You should Never use Any filters, except...

Discussion in 'Beyond the Basics' started by Jon_Are, Jul 11, 2009.

  1. Jon_Are

    Jon_Are TPF Noob!

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    ...a polarizer.

    This is the opinion of the author of a book I'm reading. He says that filters negatively affect the way light reaches the sensor, which negatively impacts the image.

    A polarizer is OK to use because achieving the effects of a polarizer in Lightroom or Photoshop is nearly impossible.

    As for protecting your lens? Use a lens cap.

    Thoughts?

    Jon
     
  2. Josh66

    Josh66 Been spending a lot of time on here!

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    Yes.


    There are filters other than CPL that are both useful and cannot be done in PP though... IR & ND are two more, right off the top of my head.


    Also, if you're shooting film - colored filters still come in handy.
     
  3. benhasajeep

    benhasajeep TPF Noob!

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    CPL and ND filters get used often on my lenses. I do not keep UV's on them for protection though. Knock on wood, over 10 years I have been able to keep from scratching my elements. I don't even have any UV's anymore I don't think. I might have some colored filters for black and white film. But ohter than that. CPL's and ND's are all I have.
     
  4. Moglex

    Moglex TPF Noob!

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    You cannot do nearly such an effective job of haze reduction in post processing as you can with a UV filter.
     
    Last edited: Jul 11, 2009
  5. Overread

    Overread has a hat around here somewhere Staff Member Supporting Member

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    A lens hood is a must for protection of a lens - as for filters on digital I agree Circular polarizers, ND, ND grad and infra red are all ones which create an effect not possible in editing a shot (with the slight exception of tonemapping several exposures for ND grad) but even still most effects are only for in camera.

    UV filters for protection I would use if I were in a windy, dusty, muddel, dirt flying environment - I can then rapidly wipe the glass clean with a cloth and keep shooting without having to fear for my front element taking scratches as a result. For general use though I agre with the others that its not a prime requirement.

    Also any filters used should always be the best you can afford
     
  6. KmH

    KmH Helping photographers learn to fish Supporting Member

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    So true.

    A small collection of quality Skylight (UV) filters to use when conditions are hazy is definately warranted.

    Using them at all times to 'protect' a lens is neither necessary, nor desireable from a technical point of view.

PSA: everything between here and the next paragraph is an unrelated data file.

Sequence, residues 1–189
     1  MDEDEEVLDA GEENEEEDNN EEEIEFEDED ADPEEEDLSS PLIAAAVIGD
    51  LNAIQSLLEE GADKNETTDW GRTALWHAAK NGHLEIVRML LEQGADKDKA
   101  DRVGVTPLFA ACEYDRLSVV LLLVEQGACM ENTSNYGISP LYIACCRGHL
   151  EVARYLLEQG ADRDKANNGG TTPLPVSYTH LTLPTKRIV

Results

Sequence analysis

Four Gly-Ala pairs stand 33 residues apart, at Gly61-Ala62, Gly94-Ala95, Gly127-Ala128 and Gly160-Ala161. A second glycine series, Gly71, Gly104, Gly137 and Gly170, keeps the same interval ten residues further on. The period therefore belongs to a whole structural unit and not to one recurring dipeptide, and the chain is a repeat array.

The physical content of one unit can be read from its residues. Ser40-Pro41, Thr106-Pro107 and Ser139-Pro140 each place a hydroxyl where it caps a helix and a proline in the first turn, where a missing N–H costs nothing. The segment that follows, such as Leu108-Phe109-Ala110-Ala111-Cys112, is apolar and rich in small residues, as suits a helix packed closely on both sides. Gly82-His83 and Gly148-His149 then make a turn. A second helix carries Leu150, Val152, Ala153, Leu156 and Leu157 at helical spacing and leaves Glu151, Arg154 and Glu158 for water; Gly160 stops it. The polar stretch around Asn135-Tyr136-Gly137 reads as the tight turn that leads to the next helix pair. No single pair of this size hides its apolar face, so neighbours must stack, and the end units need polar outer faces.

7. Moglex

    Moglex TPF Noob!

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    So how do you protect your lens from 'whatever' might suddenly happen to cause it grief?

    I'm quite prepared to move to something other than UV but I'm certainly not going to wander arond with an £1800 lens (much morw for some wildlife/sports photographers) with it's front glass exposed to whatever the world has to offer.

    Strangely I have never seen plain, optical glass, flat 'filters'.
     
  8. Josh66

    Josh66 Been spending a lot of time on here!

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    Caution.

    Put the cap on when you're not shooting, use caution when you are shooting.
     
  9. benhasajeep

    benhasajeep TPF Noob!

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    Except for maybe blowing items, a lens hood is a good protector for bangs and bumps. As someone else mentioned, lens caps are very good protection for when moving around not taking any pics. Filter glass is not that thick, yes it will provide some protection, but for tall falls or flying rocks or something like that. The lens is going to get damaged filter or not.
     
  10. kundalini

    kundalini Been spending a lot of time on here!

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  11. epp_b

    epp_b No longer a newbie, moving up!

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    A CPL, some ND filters and a graduated ND filters are all you really need. I use clear (skylight or UV) filters over my lenses to protect the front element. The D40 can't resolve high enough to see any degradation in resolution that a clear filter may or may not cause.
     
  12. Josh66

    Josh66 Been spending a lot of time on here!

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    Skylight is not really clear though, is it?

    Doesn't it have a pinkish color to it?
     

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